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Andrew Buncombe's Asia Diary

The Independent's Asia Correspondent Andrew Buncombe is based in Delhi. His dominion ranges over India, Pakistan, Burma, Nepal, Bangladesh, Sri Lanka, occasionally parts of South East Asia and - or at least he is hoping - The Maldives.

Follow Andrew on Twitter: @AndrewBuncombe

It's been a shamefully long time since I voted in an election. Truth be told, the last time I actually crossed the ballot box with my pencil was 1997, the year of the Blair landslide, when I was living in Cardiff and working for a regional newspaper. During the last two previous elections I was out of the country, in the US, and the result appeared such a foregone conclusion that it appeared, frankly, to matter little. But this time it was clearly different, this time there were issues at stake and this time there was a real battle underway.
 As a result I'd planned to vote either by proxy or post in the Weston-Super-Mare constituency where I grew up and where my folks still live. The current MP, a Conservative, has a majority of 2,000, but in 2001 the seat was won by the Liberal Democrats - the first time in generations that Weston did not go to the Tories - by just 300 or so votes. It is a constituency considered a marginal.
In order to inform my decision, I decided I would email each of the candidates, without revealing I was a journalist, and ask them their views on three issues - one question on foreign policy, one question on domestic issues and one specific to Weston-Super-Mare. For that last question, my question was about the long-running saga over the demise of a seafront swimming pool called the Tropicana and the failure - now lasting more than 15 years - to build a new one.



I also sought the opinion of a popular local blogger, WestonsuperMeh, who told me: "The top three issues in the town are:
1. Drugs. Lots of rehab centres, lots of recovering addicts, lots of drug dealers. You see the dealers operating openly in the town centre, sitting outside cafés, meeting in the parks. They aren't hard to spot, yet nothing seems to be done about it. The rehab centres are many and once the addicts 'finish' their treatment they're out on the streets.
2. Junction 21 of the M5. It has been branded 'Malfunction Junction' as it's so poor. The queues to get out of Weston in the morning at rush hour are horrendous and the junction is too small to serve the surrounding population.
3. Jobs. There are very few jobs for professionals in Weston. Unless you want to work in caring for the elderly, of which Weston has plenty, you're looking at a commute to Bristol."
 In the end I ended up sending my three questions to the candidates for the Conservatives, Liberals, Labour, English Democrats, UKIP and BNP. I am afraid that I could find no email address for a sixth candidate, Steve Satch, who is standing as an independent.
After doing all this, I sadly discovered that I am only eligible to vote in Cardiff - the last place I voted. Given the slowness of India's postal system it was impossible for me to register, receive papers and then vote in time. I am therefore voteless again today. However, the exercise in reaching out to the candidates and their responses - or lack of them - was very interesting. For what it's worth, here are my three questions followed by the replies.

Questions:
1. Looked at from abroad, the decision to support the invasion of Iraq looks like an utter disaster. Britain was dragged into a potentially illegal war that not only led to the loss of hundreds of thousands of lives, but which damaged Britain's reputation. How can your party ensure that Britain makes its own foreign policy decisions rather than being led by our more powerful friends?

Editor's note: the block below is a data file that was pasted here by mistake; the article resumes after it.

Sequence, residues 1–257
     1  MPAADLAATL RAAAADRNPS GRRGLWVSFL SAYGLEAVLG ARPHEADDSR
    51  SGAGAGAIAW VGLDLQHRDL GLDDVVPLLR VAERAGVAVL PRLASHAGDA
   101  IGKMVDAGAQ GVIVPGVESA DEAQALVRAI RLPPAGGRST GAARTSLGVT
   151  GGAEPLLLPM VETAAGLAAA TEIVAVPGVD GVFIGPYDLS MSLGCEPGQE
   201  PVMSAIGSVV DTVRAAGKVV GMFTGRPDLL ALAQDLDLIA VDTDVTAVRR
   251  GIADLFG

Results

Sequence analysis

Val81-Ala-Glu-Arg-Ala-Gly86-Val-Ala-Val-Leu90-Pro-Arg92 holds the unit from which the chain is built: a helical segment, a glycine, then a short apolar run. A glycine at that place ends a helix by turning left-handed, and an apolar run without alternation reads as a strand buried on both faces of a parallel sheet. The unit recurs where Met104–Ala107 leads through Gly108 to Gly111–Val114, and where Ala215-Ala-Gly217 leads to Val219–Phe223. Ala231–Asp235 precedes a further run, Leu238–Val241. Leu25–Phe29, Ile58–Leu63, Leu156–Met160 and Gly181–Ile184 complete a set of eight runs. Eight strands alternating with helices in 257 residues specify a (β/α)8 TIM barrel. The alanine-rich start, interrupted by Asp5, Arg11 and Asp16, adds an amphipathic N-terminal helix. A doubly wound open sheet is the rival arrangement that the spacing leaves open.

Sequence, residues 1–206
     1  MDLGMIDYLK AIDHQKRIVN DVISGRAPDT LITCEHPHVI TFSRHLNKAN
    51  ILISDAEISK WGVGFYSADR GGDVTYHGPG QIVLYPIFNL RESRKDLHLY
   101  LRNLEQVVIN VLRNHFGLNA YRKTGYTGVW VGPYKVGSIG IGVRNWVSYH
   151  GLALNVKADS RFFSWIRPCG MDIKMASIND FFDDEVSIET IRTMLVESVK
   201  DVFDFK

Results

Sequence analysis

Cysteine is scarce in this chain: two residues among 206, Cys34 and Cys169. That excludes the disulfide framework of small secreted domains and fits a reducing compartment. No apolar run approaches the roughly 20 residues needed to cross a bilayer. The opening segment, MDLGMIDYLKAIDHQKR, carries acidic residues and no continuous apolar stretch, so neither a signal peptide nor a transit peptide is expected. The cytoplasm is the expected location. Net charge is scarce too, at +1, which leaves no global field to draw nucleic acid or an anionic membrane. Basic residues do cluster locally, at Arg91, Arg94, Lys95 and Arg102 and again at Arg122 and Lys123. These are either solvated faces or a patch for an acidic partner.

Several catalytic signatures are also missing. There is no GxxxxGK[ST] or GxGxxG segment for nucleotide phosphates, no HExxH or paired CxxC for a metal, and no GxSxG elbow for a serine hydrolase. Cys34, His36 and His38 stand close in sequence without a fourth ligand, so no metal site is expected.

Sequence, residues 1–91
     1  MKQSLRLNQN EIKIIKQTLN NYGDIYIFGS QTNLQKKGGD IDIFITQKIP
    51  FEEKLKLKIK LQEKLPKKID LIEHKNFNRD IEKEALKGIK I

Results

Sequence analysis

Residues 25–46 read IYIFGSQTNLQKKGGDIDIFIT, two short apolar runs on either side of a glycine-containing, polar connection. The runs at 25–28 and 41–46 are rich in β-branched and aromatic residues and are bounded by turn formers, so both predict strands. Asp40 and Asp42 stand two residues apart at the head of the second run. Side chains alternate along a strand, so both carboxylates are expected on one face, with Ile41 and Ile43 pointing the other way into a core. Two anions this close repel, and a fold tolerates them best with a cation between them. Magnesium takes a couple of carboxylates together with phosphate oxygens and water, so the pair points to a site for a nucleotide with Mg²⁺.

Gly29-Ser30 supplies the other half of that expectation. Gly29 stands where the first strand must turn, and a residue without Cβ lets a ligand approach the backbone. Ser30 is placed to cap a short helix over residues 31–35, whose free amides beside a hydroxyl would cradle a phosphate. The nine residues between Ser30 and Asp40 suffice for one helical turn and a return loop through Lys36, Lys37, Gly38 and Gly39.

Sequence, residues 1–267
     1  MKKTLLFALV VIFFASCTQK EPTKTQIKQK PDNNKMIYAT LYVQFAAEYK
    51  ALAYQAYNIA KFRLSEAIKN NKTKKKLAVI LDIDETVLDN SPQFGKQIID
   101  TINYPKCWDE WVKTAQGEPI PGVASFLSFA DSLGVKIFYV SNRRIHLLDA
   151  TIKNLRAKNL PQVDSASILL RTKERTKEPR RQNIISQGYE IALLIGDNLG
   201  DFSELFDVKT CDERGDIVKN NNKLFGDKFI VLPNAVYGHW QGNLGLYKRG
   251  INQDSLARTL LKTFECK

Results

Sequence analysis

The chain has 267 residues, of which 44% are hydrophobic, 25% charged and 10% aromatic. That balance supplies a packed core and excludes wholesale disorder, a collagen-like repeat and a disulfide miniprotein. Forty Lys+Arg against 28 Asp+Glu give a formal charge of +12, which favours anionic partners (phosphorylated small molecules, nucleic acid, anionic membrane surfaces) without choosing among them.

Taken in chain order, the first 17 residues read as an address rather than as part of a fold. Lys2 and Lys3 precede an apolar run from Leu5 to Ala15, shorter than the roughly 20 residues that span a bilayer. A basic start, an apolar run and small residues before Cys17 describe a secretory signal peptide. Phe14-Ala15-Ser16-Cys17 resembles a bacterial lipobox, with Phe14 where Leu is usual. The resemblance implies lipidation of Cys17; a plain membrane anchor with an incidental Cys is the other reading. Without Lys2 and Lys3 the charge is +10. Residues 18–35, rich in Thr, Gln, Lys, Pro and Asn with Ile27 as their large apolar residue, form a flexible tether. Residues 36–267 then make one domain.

2. What is your view on immigration control?. I like the idea of a multicultural Britain but many people say the numbers of people coming into the country has soared recently. When I was last in Weston, I
noticed that many east Europeans were working in the hotels. Is there a danger they are taking the jobs from local people?
 3. The disaster that is the abandoned Tropicana resort has been an eye-sore on Weston's seafront for far too long. Why is it apparently impossible for the elected leaders of Weston-Super-Mare to find
someone prepared to build a simple covered swimming pool? What would you do about this?

And the answers:

Mike Bell, Lib-Dem.
 Many thanks for your message.
Iraq has been a disaster. The Liberal Democrats were the only major party to oppose the invasion on the basis that it was illegal under international law, diplomatic and economic measures had not been exhausted and an adequate long term plan had not been developed. It gives me no pleasure at all to say that we have been proved right. Countless lives have been lost to create, at best, a politically unstable and barely democratic nation.
Ultimately, Tony Blair chose to follow the Washington line and this proved to be wrong. As Liberal Democrats we believe in a strong Atlantic relationship, but like our relationship with our European partners, it must be a relationship or critical friends, not lapdogs.
Liberal Democrats would ensure that the law was changed to ensure that no war could be started by Britain again without a debate and free vote in Parliament.
 On immigration, the issue is complicated. There is good immigration and bad immigration. There are parts of Britain crying out for economic migrants (both skilled and unskilled) to do work that locals cannot or won't. There are other areas that are overpopulated.
We support the creation of a border police force, so that we can take effective control of our borders again, counting people in and out and helping to prevent illegal immigrants from entering Britain. We would established an Australian-style points based system to regulate immigration to ensure that only those with the skills we need could enter the country.
Many of the people eastern Europeans who have come to Britain in recent years have done so under European Union rules on freedom of movement and work. In Weston, they are largely filling low paid, unskilled jobs. In my discussions with hoteliers, they have welcomed them. They work hard and are filling jobs that previously were difficult to fill. It is fine balancing act to get it right.